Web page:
But first:

A little inspiration for those who want to be ripped and healthy at 72, like Grateful Dead co-founder Bob Weir.  (Or you could just walk more.  But it’s a great read.)


And second:

You can see Parts 1 and 2 all in one day, or over two nights — or just see Part 1 — but take a minute to see what they’re saying about The Inheritance.


And third:

Melinda Fishman: “Speaking of vegan — have you seen Forks Over Knives, on Netflix? Powerful. I’m vegan for 4 days so far 🙂 Feel different, lighter, happier, lost weight.”

Karen Geronymo (Dietitian):  “Please let Sally know that (only) 1 tablespoon of her vegan butter (contains coconut oil) provides 40% of the recommended allowance of saturated (cholesterol raising!) fat for the day.  Better to eat (a little) real butter.  Or a nut butter (peanut, almond, cashew, etc.).  Most important, read the nutrition information and ingredient list so you know.”



And now:

My friend Peter Kinzler was a warrior in our (failed) battle for auto insurance reform.  (One more thing we have to thank Ralph Nader for, as readers of my September 23, 1996, post may recall.)  But he is also a charming writer.  So — despite my heart-stopping fear of snakes — I opened the blast email he sent his list this summer (subject line: Of Snakes and Antiques) and asked if I could share it here someday when I was too lazy to offer anything of my own.  (I’m on vacation this week!)

And thus . . .


Of Snakes and Antiques

My wife Ginny and I have lived in Hollin Hills for 37 years.  One of the reasons we love the neighborhood so much is our ability to experience nature through the window walls.

Over the years, we have enjoyed watching the wider variety of wildlife, including deer and foxes.  Our one condition has always been that we each remain in our own space.  We did once have a bird fly down the heat exhaust pipe and join us, briefly, inside.  After that, we put a cover on the exhaust and established a strict “no birds in the house” policy.  That policy has been respected by all birds for over a quarter of a century.  Unfortunately, we did not establish a formal policy for other animals.  As a result, over the years, we have been visited inside by the occasional lizard or mouse.  As they have chosen to do so outside of official visiting hours (which are never), they have been welcomed with a few screams. brooms and dust pans.  I can truthfully report that they have all left the house unharmed.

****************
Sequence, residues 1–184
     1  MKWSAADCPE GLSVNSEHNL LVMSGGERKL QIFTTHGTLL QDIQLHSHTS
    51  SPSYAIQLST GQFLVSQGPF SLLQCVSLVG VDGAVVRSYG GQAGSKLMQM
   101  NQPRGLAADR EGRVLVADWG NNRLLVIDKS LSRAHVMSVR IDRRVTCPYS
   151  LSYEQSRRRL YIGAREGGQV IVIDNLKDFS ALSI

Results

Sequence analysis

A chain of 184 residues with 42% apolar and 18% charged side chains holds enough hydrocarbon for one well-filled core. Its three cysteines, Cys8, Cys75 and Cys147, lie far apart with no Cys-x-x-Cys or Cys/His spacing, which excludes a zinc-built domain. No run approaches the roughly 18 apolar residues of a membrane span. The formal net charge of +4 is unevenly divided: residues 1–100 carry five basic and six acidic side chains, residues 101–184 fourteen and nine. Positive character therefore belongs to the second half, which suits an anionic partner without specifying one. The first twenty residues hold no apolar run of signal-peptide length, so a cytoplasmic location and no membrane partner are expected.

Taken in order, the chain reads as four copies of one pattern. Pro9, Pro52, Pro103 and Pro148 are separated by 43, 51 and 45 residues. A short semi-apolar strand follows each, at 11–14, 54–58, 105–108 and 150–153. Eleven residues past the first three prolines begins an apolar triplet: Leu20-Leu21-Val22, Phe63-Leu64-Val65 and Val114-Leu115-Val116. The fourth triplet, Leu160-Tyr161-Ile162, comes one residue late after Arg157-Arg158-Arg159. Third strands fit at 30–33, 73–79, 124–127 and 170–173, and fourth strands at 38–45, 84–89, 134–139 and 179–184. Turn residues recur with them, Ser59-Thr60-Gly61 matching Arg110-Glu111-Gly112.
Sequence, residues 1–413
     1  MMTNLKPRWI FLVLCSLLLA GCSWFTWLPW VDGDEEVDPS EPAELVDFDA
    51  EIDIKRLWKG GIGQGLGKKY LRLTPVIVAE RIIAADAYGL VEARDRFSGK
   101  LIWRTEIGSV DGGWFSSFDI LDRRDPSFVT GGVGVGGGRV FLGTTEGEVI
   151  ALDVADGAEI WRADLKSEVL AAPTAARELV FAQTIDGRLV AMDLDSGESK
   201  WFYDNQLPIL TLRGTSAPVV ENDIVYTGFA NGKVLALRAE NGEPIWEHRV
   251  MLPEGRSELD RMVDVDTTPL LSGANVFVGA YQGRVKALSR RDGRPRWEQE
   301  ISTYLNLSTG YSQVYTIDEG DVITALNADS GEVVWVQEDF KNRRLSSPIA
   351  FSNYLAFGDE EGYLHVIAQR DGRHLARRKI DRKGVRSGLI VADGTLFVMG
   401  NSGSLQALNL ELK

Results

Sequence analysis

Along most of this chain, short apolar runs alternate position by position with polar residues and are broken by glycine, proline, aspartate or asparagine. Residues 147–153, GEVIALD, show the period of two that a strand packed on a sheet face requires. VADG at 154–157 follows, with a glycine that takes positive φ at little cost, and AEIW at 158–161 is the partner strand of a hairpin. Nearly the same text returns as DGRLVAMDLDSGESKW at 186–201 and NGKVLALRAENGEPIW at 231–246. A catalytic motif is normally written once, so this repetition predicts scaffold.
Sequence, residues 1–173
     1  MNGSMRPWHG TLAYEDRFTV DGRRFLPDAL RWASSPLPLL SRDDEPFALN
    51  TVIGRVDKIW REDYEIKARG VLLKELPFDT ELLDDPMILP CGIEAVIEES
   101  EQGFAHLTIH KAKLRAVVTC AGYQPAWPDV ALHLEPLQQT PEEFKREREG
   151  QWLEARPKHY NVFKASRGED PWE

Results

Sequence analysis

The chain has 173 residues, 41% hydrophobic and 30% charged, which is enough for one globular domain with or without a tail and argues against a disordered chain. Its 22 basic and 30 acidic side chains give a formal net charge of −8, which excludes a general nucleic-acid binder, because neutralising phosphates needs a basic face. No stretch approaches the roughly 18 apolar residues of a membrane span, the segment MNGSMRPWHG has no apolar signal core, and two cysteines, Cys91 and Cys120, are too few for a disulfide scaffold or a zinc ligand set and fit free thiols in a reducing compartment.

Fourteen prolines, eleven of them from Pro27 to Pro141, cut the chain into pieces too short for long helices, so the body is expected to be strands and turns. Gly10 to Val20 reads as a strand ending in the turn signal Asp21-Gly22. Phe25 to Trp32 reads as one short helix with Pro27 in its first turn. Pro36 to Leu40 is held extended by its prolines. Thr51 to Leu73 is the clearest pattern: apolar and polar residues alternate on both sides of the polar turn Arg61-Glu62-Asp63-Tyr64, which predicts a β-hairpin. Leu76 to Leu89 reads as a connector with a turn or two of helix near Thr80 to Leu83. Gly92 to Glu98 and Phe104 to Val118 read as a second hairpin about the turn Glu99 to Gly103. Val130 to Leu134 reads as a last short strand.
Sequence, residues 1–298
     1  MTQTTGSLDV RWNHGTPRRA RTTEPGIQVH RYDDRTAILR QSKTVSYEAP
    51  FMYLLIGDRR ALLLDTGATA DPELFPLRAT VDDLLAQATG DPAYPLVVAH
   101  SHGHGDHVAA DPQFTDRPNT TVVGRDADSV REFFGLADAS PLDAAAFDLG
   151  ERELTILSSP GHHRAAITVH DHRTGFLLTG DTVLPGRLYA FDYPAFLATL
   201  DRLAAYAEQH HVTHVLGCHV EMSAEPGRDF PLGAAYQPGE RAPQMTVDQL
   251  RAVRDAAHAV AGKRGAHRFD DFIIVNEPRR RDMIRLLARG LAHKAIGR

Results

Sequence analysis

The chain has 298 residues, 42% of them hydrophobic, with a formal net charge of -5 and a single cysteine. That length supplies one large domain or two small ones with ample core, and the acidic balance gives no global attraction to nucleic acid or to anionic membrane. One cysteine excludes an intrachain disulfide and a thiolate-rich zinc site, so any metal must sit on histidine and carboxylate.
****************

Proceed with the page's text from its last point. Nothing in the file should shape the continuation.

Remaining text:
These occasional wildlife visits have been a small price to pay for the pleasure of living in the woods.  That was until May 28th.

That day, Ginny was pouring herself a cup of coffee when she noticed a long black object moving from the kitchen to the living room.  I could say she responded calmly by finishing her breakfast and then calling animal control to remove the black snake – but that would be a lie.  Instead, she screamed for me to come quickly.  As I was two rooms and several walls removed, and well past my best hearing years, I could not hear what she was saying.  I yelled to her that she knew I couldn’t hear so please come closer.  Ginny yelled louder.

When I arrived in the living room, I saw a 2’ long black snake stretched out along the wall.  Ginny said, “Get it out of here.”  My inner pioneer said, “Of course, my beloved.”  My 76 year old suburban self said, “Are you crazy?”  Nevertheless, I set out with a broom and dustpan to do my manly duty and convince the snake that it would be far happier outside.  It responded by coiling up and I abandoned my hopeless quest to remove it from the house.

Ginny, shaken but still thinking, called Fairfax County animal control and they said to watch the snake to make sure it didn’t go hiding elsewhere in the house while they dispatched someone to remove it.  An hour later, a policeman came with a 6’ long grabber and removed the snake.  We thanked him profusely and started to breathe again.

The next day, our blood pressures moving back into the 3-digits, we set off to DC for a relaxing (comparatively speaking) outing at the dentist’s.  As we were already in town, we went to Samuelson’s Buyers to sell some antique silver and gold pieces we hadn’t used in years. While we got less than anticipated because of millennials’ changing tastes, we were glad to get enough to offset some of the never-ending maintenance bills that come with owning a Hollin Hills house.

After a quiet day on Thursday, albeit with the predictable snake dreams, we watched as workmen finished repairing the 70 year old patio – until we heard a loud crash.  Ginny raced into the kitchen to find broken pottery from off our kitchen shelves – and another black snake.  This time, we abandoned half measures and called Home Paramount.  An hour later, two men showed up and explained to us that the snakes were probably coming down our heater exhaust pipe in search of mice.  We explained to them, in voices two octaves above normal, that we didn’t have any mice in the house.  They responded, “Now you know why.”

By this time, we were prepared to pay Home Paramount any sum of money to remove the snake and make sure none ever returned.  And we agreed to do so.  Alas, Home Paramount either has ESP or access to our bank account, as the sum they charged was nearly identical to what we had received from Samuelson’s. We had learned the value of the family jewels.  We just hope the snakes have also learned their lesson.


 

 

 

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